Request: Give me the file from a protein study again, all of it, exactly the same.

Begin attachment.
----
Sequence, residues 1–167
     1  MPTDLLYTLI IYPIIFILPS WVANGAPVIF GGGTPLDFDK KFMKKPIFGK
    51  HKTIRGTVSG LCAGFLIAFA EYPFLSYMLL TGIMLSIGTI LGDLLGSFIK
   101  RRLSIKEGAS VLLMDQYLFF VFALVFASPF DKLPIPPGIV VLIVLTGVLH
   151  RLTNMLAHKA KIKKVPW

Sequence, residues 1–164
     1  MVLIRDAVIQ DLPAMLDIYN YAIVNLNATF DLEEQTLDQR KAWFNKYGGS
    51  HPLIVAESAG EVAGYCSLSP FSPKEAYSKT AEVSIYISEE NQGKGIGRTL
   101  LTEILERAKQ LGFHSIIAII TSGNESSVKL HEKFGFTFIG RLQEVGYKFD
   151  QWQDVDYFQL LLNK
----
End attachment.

Sequence, residues 1–167
     1  MPTDLLYTLI IYPIIFILPS WVANGAPVIF GGGTPLDFDK KFMKKPIFGK
    51  HKTIRGTVSG LCAGFLIAFA EYPFLSYMLL TGIMLSIGTI LGDLLGSFIK
   101  RRLSIKEGAS VLLMDQYLFF VFALVFASPF DKLPIPPGIV VLIVLTGVLH
   151  RLTNMLAHKA KIKKVPW

Sequence, residues 1–164
     1  MVLIRDAVIQ DLPAMLDIYN YAIVNLNATF DLEEQTLDQR KAWFNKYGGS
    51  HPLIVAESAG EVAGYCSLSP FSPKEAYSKT AEVSIYISEE NQGKGIGRTL
   101  LTEILERAKQ LGFHSIIAII TSGNESSVKL HEKFGFTFIG RLQEVGYKFD
   151  QWQDVDYFQL LLNK